One of my great hopes is that we can find the ways to rebuild a foundation of integrity in the body of humanity in a way that competition can once again be healthy. The recognition that no man, family or nation is complete unto itself is a starting point, but we must look to foster the spirit of collaboration in every sphere of human activity if we are to disperse the storm clouds described by Ms. Angelou.

Together, all together
All, yes all
Can make it out here together.

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Dr. Maya Angelou

I couldn’t resist one more post about Dr. Angelou.  Her charm and wit have captivated me for years and I feel compelled to share her insightful work with my fellows.  This poem was written following an experience she had while visiting a local health food store.  The store had a small diner that served the usual healthy dishes, but Dr. Angelou noticed that she rarely noticed anyone smiling in the health food store, especially her waitress on this occasion.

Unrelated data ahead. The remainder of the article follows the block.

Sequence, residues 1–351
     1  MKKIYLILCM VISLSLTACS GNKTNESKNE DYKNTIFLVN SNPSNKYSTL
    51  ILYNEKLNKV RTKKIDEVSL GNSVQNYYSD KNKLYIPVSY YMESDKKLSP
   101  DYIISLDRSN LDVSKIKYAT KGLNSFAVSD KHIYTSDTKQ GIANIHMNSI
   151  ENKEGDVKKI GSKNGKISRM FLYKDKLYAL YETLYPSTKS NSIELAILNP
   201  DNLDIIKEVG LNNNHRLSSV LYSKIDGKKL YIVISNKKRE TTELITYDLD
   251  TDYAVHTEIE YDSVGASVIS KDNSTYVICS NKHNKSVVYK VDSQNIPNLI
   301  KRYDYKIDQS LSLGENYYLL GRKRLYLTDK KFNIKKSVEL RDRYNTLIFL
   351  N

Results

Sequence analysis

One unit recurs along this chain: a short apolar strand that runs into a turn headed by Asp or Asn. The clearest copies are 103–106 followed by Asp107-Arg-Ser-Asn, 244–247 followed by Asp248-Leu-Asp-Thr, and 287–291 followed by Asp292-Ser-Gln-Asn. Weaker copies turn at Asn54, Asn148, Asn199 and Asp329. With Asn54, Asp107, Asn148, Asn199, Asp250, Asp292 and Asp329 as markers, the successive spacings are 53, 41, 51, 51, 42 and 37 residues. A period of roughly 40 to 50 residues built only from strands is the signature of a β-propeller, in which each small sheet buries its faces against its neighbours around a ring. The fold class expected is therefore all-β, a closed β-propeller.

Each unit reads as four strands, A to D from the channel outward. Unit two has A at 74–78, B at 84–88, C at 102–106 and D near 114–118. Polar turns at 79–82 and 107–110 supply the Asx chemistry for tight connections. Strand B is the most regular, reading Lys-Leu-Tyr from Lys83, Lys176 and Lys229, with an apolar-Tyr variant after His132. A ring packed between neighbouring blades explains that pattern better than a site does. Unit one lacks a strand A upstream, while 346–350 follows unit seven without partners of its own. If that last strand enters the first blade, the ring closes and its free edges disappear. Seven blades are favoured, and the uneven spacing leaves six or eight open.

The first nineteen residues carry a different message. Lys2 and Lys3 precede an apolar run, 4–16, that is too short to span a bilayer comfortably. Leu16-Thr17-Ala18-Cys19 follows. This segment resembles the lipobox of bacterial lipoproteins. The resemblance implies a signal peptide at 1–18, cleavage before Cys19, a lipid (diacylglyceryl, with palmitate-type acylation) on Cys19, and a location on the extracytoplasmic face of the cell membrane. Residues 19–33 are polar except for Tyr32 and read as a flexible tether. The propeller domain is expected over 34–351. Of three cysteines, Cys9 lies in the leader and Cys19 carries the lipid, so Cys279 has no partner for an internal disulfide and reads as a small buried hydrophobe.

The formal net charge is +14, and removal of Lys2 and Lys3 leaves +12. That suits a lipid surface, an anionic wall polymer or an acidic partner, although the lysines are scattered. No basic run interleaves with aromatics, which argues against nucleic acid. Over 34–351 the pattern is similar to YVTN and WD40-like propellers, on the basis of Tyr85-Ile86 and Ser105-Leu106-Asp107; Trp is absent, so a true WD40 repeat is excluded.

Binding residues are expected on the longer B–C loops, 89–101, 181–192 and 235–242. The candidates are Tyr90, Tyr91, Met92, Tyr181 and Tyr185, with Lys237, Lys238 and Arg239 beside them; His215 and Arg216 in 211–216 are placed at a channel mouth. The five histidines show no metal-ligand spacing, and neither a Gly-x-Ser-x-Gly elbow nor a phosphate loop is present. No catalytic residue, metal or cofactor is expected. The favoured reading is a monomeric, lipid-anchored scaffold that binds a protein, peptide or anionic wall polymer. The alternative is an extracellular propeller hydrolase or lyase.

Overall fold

She was so moved by the results of fanaticism – even though it was in relation to supposedly healthy things – that she wrote this pleasant and humorous little poem called “The Health Food Diner.”

No sprouted wheat and soya shoots
And Brussels in a cake,
Carrot straw and spinach raw,
(Today, I need a steak).

Not thick brown rice and rice pilaw
Or mushrooms creamed on toast,
Turnips mashed and parsnips hashed,
(I’m dreaming of a roast).

Health-food folks around the world
Are thinned by anxious zeal,
They look for help in seafood kelp
(I count on breaded veal).

No smoking signs, raw mustard greens,
Zucchini by the ton,
Uncooked kale and bodies frail
Are sure to make me run

to

Loins of pork and chicken thighs
And standing rib, so prime,
Pork chops brown and fresh ground round
(I crave them all the time).